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Hoover's response - Hoovers response to the Great...

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Hoover’s response to the Great Depression
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Realizing that people’s faith in the plummeting economy might hinder the chances of recovery, Hoover claimed that the economic downswing would soon pass. Following his faith in voluntary action, Hoover asked business leaders to pledge not to cut wages or production. He urged city and state governments to stimulate local economies through building projects. Hoover’s Response
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Hoover’s Response (cont.) Despite Hoover’s efforts, business conditions worsened. The early 1930s saw declining incomes, rising unemployment, and mounting business failures. With the number of unemployed growing every month, charity funds soon proved inadequate. The Federal Reserve compounded the problem by squandering chances to rescue the collapsing banking system.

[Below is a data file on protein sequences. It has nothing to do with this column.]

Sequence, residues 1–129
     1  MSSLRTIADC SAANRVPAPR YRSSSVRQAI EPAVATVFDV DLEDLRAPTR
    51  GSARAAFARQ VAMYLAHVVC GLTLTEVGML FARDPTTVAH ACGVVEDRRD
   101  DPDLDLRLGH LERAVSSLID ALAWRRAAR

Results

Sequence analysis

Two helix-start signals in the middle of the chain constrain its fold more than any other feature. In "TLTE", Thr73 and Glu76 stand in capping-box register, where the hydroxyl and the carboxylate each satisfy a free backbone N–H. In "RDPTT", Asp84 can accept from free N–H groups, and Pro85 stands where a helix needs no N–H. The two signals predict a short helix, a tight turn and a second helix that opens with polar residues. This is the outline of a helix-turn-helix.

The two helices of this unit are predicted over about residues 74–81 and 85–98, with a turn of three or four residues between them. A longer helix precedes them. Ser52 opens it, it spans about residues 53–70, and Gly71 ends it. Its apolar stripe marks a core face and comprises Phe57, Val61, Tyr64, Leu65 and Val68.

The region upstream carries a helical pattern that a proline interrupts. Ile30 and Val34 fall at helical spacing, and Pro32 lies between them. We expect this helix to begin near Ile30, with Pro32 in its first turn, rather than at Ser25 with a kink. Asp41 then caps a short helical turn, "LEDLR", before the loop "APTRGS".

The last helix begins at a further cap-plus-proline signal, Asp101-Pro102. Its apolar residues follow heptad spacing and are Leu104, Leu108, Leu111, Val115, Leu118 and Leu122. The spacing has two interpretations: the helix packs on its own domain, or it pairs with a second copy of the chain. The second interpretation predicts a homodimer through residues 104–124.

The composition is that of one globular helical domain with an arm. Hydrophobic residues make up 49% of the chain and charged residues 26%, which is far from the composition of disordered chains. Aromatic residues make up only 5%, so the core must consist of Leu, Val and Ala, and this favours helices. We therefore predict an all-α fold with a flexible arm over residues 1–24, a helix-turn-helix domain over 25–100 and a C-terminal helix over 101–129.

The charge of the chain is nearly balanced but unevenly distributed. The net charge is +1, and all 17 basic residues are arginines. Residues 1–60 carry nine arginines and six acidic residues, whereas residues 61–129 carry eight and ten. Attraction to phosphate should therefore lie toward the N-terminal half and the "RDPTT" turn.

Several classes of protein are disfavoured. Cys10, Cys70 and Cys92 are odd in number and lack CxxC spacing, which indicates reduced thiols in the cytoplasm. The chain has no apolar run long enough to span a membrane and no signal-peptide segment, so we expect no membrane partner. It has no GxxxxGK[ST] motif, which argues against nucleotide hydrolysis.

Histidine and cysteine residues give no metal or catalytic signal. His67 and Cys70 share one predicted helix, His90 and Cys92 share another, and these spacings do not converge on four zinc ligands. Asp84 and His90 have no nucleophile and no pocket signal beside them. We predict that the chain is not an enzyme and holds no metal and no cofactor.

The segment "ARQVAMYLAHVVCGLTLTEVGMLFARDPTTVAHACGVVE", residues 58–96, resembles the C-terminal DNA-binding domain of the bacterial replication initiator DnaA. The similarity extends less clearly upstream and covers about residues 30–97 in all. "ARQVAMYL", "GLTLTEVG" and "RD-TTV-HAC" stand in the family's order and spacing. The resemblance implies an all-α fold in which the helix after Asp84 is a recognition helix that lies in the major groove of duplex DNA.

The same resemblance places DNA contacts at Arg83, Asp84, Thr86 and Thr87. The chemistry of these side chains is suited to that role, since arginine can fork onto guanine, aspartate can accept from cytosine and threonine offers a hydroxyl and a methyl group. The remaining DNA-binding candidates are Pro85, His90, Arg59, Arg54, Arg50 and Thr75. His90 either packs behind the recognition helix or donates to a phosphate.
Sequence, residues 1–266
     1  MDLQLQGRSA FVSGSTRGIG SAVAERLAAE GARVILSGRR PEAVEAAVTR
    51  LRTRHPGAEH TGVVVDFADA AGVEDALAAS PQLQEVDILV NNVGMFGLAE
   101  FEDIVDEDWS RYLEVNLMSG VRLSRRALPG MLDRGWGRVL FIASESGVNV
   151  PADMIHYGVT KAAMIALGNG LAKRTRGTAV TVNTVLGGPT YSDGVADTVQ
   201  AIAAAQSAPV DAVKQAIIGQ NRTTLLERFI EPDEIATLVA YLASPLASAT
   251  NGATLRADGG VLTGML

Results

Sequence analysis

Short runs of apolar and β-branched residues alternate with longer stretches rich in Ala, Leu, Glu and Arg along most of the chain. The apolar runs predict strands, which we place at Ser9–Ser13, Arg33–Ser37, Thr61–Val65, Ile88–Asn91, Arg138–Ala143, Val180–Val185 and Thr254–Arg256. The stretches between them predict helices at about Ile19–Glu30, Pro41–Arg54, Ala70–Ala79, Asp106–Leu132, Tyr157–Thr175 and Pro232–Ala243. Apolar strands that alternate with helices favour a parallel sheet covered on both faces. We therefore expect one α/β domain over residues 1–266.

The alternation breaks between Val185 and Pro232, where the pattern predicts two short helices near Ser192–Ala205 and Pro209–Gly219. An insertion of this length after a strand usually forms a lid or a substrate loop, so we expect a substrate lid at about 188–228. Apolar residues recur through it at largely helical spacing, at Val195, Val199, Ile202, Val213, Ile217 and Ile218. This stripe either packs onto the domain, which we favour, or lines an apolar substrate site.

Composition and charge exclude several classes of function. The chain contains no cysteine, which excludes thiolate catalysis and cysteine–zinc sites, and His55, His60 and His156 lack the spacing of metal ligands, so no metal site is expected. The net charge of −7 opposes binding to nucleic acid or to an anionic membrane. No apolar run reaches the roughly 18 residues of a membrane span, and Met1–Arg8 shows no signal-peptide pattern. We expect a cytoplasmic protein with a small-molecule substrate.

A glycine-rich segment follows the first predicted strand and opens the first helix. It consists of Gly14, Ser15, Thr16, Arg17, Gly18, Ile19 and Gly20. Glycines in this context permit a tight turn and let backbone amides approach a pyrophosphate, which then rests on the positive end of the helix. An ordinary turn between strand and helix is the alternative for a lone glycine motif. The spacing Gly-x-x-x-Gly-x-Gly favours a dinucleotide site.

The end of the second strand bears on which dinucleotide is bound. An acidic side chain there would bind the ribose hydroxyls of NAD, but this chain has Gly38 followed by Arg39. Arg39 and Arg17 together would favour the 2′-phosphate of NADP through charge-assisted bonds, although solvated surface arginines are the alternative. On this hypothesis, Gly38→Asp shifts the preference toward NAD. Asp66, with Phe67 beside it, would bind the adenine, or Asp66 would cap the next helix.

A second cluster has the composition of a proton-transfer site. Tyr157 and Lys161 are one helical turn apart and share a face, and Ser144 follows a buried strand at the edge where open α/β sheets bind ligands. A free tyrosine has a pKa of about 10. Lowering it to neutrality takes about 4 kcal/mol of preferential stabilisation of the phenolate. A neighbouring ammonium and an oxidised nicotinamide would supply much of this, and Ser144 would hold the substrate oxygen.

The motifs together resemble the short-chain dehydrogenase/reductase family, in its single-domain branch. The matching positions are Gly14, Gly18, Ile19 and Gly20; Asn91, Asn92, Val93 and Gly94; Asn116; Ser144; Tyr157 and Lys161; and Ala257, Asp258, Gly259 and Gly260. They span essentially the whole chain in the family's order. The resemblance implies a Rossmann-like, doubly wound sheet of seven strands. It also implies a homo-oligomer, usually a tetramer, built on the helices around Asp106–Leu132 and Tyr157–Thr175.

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Too Little Too Late Hoover finally bowed to pressure and responded to the deepening economic crisis by asking Congress to approve the Reconstruction Finance Corporation (RFC). The RFC was authorized to dispense $2 billion in loans–more in federal aid than ever requested by a President–to faltering banks, insurance companies, and railroads.
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Too Little Too Late (cont.) When the trickle-down approach failed, Congress passed the Emergency Relief Act, which approved additional loans to state governments for unemployment relief. However, state governments did not qualify for the loans unless they were on the verge of bankruptcy.
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With wages dropping, unemployment growing, and so little money trickling down from relief measures, resentment grew among those hardest hit by the Depression. Economic suffering led veterans from World War I to organize a protest aimed at winning early payment of a bonus due to them in 1945.
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